• Molly Callahan

    Senior Writer

    Photo: Headshot of Molly Callahan. A white woman with short, curly brown hair, wearing glasses and a blue sweater, smiles and poses in front of a dark grey backdrop.

    Molly Callahan began her career at a small, family-owned newspaper where the newsroom housed computers that used floppy disks. Since then, her work has been picked up by the Associated Press and recognized by the Connecticut chapter of the Society of Professional Journalists. In 2016, she moved into a communications role at Northeastern University as part of its News@Northeastern reporting team. When she's not writing, Molly can be found rock climbing, biking around the city, or hanging out with her fiancée, Morgan, and their cat, Junie B. Jones. Profile

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There are 4 comments on Greater Boston Housing Earns “Failing Grade” in Annual Report Card

  1. Interesting article, but it fails to take into account the fact that 20% of Boston’s population is college students. Even though the majority live on campus, this puts a big strain on lower cost housing. How do we address this issue?

  2. My rent in Waltham increased by $325/mo this year, and this is AFTER negotiating the landlord down. That’s an added $3900/mo. Meanwhile, purchasing a single-family house anywhere remotely close to the CRC (let’s say under 45 minutes driving) is impossible on my BU salary and my wife’s teacher salary. It’s brutal out there…

  3. Boston housing has been a joke forever. Scumlords scalping the market, the only things under development are luxury. What did the city expect? It’s almost like rent control would make things more accessible… But the scumlords would riot. Forget buying a house on my BU salary, and I can barely afford rent. What a joke. We should be making plenty to afford to live here, but Boston housing is oppressive.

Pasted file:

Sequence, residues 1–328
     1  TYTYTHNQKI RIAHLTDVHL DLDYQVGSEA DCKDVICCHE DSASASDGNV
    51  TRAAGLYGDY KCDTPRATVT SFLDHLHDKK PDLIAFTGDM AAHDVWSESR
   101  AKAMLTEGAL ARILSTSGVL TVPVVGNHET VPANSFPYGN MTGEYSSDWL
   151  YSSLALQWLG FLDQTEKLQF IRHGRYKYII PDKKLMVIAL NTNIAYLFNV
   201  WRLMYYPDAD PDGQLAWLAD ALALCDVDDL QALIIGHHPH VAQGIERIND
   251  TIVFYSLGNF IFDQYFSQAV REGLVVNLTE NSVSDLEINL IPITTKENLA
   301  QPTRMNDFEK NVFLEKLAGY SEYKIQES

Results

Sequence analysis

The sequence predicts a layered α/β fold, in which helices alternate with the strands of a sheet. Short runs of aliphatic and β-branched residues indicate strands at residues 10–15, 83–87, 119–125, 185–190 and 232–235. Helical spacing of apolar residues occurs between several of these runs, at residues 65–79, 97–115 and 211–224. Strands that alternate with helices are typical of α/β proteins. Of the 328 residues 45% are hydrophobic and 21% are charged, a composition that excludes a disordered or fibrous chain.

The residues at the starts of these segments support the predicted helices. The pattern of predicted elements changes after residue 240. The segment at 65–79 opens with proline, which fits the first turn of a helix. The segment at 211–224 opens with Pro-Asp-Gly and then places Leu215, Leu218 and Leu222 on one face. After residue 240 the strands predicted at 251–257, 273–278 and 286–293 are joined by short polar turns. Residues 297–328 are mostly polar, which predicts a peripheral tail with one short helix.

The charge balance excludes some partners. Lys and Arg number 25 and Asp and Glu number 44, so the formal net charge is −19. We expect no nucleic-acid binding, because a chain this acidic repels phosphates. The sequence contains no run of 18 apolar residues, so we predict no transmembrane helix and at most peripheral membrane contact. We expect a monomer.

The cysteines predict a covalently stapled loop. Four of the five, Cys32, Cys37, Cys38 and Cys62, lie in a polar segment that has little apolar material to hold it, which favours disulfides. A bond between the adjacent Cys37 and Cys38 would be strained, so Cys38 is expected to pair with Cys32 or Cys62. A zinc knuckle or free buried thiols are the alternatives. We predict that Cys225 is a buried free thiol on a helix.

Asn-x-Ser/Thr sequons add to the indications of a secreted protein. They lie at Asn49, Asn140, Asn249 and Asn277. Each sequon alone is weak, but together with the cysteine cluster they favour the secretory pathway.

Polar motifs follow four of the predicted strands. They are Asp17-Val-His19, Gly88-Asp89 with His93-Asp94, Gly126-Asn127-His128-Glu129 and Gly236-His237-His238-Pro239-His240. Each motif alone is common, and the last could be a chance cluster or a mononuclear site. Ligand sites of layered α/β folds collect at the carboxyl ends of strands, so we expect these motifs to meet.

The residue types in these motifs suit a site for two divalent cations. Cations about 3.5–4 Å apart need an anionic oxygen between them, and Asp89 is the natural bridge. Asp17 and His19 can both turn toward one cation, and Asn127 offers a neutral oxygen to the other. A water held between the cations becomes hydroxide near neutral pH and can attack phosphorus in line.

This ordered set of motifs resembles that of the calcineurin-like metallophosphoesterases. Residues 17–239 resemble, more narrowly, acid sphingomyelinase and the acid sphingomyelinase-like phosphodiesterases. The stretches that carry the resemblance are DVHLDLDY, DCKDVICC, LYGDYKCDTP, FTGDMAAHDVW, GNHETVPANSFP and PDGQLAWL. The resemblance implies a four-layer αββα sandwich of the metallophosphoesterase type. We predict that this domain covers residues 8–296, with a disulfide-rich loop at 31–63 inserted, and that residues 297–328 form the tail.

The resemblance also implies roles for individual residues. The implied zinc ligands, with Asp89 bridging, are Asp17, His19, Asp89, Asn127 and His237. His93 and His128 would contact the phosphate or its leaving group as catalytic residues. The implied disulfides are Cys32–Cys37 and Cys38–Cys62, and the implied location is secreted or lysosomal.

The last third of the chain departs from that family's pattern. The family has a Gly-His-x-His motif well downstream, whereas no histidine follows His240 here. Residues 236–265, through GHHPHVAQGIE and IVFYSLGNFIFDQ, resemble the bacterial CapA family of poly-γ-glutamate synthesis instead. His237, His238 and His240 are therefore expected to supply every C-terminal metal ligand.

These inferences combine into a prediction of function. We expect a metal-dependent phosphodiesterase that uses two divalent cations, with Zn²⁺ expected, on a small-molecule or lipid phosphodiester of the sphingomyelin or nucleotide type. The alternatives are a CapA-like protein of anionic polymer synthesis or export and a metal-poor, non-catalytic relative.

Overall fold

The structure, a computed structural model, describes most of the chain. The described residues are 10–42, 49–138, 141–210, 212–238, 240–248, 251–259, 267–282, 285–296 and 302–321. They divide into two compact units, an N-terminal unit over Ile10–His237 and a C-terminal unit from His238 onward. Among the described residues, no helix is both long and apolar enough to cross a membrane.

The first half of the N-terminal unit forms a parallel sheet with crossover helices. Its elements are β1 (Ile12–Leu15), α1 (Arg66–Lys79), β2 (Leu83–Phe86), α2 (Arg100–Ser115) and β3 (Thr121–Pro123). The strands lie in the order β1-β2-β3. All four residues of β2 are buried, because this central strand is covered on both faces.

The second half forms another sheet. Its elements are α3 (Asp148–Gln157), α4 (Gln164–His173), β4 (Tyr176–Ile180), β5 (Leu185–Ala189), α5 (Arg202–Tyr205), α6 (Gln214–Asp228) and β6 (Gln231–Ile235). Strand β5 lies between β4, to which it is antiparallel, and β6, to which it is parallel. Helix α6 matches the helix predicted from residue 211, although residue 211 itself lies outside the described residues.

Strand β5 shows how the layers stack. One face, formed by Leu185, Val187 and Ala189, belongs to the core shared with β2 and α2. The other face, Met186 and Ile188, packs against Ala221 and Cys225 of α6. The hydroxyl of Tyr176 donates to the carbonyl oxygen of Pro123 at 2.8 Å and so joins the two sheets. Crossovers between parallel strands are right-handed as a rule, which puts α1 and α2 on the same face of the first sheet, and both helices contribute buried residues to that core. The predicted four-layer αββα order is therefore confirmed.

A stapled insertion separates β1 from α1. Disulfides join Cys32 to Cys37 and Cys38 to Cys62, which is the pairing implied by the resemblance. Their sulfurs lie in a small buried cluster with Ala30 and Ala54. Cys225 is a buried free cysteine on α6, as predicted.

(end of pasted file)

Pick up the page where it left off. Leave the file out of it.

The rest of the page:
4. Subsidized housing reliably pushes up property valuations, which is the core issue. The article makes a brief afterthought of the inane zoning laws across the country, like host-presence requirement for sub-month leases and the blanket ban of coliving units. There’s also limits on floor area ratios, huge green space laws that make development impossible, infamous height restrictions, restrictions on new construction unless partly owned by a public agency, etc. Remove these laws.

    Some specific regulations are sensible, but most of market distortions heroically make housing unaffordable. Calling for more subsidized housing may feels righteous to the authors of this article, but empirically only delays housing affordability for longer and dooms those already paying inflated rates. But this article clearly was an exercise in the authors’ specialties (political science).

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